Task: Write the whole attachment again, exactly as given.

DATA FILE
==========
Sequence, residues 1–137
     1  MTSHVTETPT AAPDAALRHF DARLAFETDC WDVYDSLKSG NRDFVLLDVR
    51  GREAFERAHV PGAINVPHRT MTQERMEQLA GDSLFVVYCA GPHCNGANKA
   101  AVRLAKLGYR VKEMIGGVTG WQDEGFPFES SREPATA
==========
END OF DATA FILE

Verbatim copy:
Sequence, residues 1–137
     1  MTSHVTETPT AAPDAALRHF DARLAFETDC WDVYDSLKSG NRDFVLLDVR
    51  GREAFERAHV PGAINVPHRT MTQERMEQLA GDSLFVVYCA GPHCNGANKA
   101  AVRLAKLGYR VKEMIGGVTG WQDEGFPFES SREPATA